What Is Strength?


I had a piercing look of emptiness plastered across my face, this morning. I wasn't sure how else to look..or feel; because when life hits, it hits hard. The tears were uncontrollable. I stared at the wall and refused to move. But I was being held, and that was almost as unsettling as the issues I was facing. Because for someone who internalizes their many feats, it seemed as though this one is finding its way out. And I never really wanted anyone to see me at a weak point. 

I try not to worry others with my mess. I'm the upbeat, strong, happy friend. The one with all the jokes and the great advice. The one people come to late at night when life isn't going according to plan. Does it ever? I bare the burdens of my friends and loved ones, as well as my own. And while they're not mine to bare [Psalm 55:22], they still linger within in me, sometimes. They still find their way to sit in the pit of my stomach and burn holes into my soul. 

But that's okay, because that's the role I've assumed. I suppose, that's what I've signed up for. 

Now, however, those holes are starting to show. Those holes are what's allowing these feelings to escape from within me. They're responsible for the look of emptiness on my face; and for showing my emotions to the world, involuntarily. 

Openly expressing my emotions has never been easy for me. I'm honest about what I do, what I go through, but very seldom about how it all makes me feel. Nothing other than an "I'm disappointed" or "I'm sad" ever gets leaked from my lips. I choose not to cry in front of people. I choose not to break down around anyone. I choose not to dive into the complexities of my emotions. 

That has become more of a hindrance than my situation itself has, because how can anyone help me if I don't allow them to? How can I get upset that I'm buried in everyone's burdens, when I choose not to share mine? How can I expect people to care for me when I don't allow them to? 

I've often confused strength with being emotionless; never showing sadness, never showing fear. That's something I got from my mother. A woman who - put herself through college, raised two kids, been laid off from a job of 15+ years, hustled to find another one before her young kids realized, worked her a-- off at two jobs thereafter to support my brother's college education, underwent knee surgery, breast cancer and, after having finished raising her kids, is now taking care of her 91 year-old mother - I've only seen cry once. A woman who I've never seen sweat. A woman who so effortlessly regained control of her finances, her marriage and the future of her children. She was my image of strength. And in her being that, I adopted a habit of hiding my emotions behind closed doors and a forced smile. Similar to what it seemed she did.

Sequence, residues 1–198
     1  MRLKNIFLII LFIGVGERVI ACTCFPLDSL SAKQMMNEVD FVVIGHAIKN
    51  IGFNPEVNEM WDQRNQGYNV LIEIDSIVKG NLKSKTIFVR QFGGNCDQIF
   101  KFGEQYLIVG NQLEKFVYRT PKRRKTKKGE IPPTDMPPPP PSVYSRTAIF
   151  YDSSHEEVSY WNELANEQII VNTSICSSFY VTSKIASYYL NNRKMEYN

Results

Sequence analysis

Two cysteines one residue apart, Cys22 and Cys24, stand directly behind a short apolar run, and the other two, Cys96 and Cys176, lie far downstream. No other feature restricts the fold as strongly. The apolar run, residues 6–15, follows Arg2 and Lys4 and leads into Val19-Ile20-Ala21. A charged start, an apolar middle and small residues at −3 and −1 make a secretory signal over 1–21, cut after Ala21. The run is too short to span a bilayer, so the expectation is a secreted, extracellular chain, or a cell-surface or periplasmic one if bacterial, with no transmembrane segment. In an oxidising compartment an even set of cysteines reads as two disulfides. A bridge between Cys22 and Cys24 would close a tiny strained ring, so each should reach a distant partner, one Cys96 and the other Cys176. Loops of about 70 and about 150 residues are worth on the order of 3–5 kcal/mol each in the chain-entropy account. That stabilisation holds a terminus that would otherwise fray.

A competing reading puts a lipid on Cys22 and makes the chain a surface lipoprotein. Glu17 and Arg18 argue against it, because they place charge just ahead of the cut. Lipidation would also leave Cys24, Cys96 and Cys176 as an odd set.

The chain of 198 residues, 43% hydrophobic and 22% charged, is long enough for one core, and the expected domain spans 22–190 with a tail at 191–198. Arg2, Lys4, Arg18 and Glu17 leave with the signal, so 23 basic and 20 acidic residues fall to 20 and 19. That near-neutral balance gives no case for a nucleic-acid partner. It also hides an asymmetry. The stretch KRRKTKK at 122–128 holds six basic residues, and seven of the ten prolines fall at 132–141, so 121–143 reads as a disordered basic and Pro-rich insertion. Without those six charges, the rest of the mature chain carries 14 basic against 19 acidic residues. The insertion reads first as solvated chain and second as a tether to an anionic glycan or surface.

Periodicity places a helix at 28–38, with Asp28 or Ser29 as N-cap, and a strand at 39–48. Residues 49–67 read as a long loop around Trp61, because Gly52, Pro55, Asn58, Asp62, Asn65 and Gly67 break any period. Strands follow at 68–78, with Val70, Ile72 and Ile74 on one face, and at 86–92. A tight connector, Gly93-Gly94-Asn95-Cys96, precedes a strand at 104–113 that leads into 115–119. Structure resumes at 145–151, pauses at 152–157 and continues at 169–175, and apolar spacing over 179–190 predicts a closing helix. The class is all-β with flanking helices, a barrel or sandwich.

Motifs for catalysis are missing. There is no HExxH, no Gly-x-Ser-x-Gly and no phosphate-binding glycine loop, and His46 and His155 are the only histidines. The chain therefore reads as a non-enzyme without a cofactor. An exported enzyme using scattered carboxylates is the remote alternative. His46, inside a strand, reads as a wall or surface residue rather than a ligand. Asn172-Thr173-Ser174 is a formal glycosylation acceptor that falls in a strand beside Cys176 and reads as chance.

This is the strength I grew up with. 
This is the only strength I knew. 

So even at a young age, I went into my room and let no one in. I'd tell people stories, but never told them how deeply they affected me. I'd tell them I was bothered, but I'd never tell them to what extent. My mom always knew, though. Moms always do. She'd break through my door and tell me I only have a few more hours to cry, because tomorrow I have to get back to being my best self. Because as black women, we have to work too hard to allow sadness to occupy our time and space. Because as black women, life won't be good to us, so we have to learn to keep going despite the obstacle. Because as black women, we have too much to do, and burying myself in sadness and depression isn't anywhere on my to-do list. Been there, done that. 

I notice this idea of strength - the only one I grew up with; the one that says to work it out behind closed doors and come back to your regular life - may not always be the best fit. Because when my turmoil begins to leak into my work and into my relationships with people, it might be time to consider another method. It may be time to think of a better way to deal with life, that doesn't involve bottling it all in. When my obstacles become less of an internal battle and more of me against the world, it's time I stop fighting it and express it. It's time I speak with those who care about me, and let them do so. Let them care. 

Because people do care and your upsets, heartbreaks, sadness, losses and everything else, does affect them. Because when you're not your bubbly self anymore, it's disheartening. And, although you won't always be 100%, you shouldn't ever feel 15%; and you certainly shouldn't feel 15% alone

Today, I'm making the decision to stop being an outlet for those around me, without being open to having an outlet of my own. I'm deciding today to stop hiding. I'm coming from behind my rock and off my dark grey living room couch and reaching out to someone who can help me. Someone whose t-shirt I can leave my non-waterproof 'waterproof' mascara on. It's time I allow people to care the way they show me they want to. Because, strength isn't isolation. Strength isn't fighting alone. Strength isn't dressing my weakness up in fake smiles and dainty dresses. And it's certainly not avoiding interactions so I won't cry. 

Strength is vulnerability and honesty. Strength is the uncensored me - the happy, the corny and the emotionally distraught. Strength is self-expression and openness. Strength is letting people in and trusting them to care for you, even though your past tells you not to. Strength is being open to being taken care of by someone other than myself. Strength is allowing myself to be weak in the presence of someone who cares. 

So that, I'll do, in hopes that next time this look of emptiness won't be plastered across my face, but be left behind in a conversation of uplift and encouragement, with a close friend or a loved one; someone whose shirt I ruined with my non-waterproof 'waterproof' mascara. Because that's strength.

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